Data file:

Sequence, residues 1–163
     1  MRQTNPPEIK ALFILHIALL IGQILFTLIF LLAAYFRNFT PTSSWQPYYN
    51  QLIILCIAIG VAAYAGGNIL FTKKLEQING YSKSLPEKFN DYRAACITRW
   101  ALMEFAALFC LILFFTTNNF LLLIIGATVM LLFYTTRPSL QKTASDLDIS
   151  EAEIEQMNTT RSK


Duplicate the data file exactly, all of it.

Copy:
Sequence, residues 1–163
     1  MRQTNPPEIK ALFILHIALL IGQILFTLIF LLAAYFRNFT PTSSWQPYYN
    51  QLIILCIAIG VAAYAGGNIL FTKKLEQING YSKSLPEKFN DYRAACITRW
   101  ALMEFAALFC LILFFTTNNF LLLIIGATVM LLFYTTRPSL QKTASDLDIS
   151  EAEIEQMNTT RSK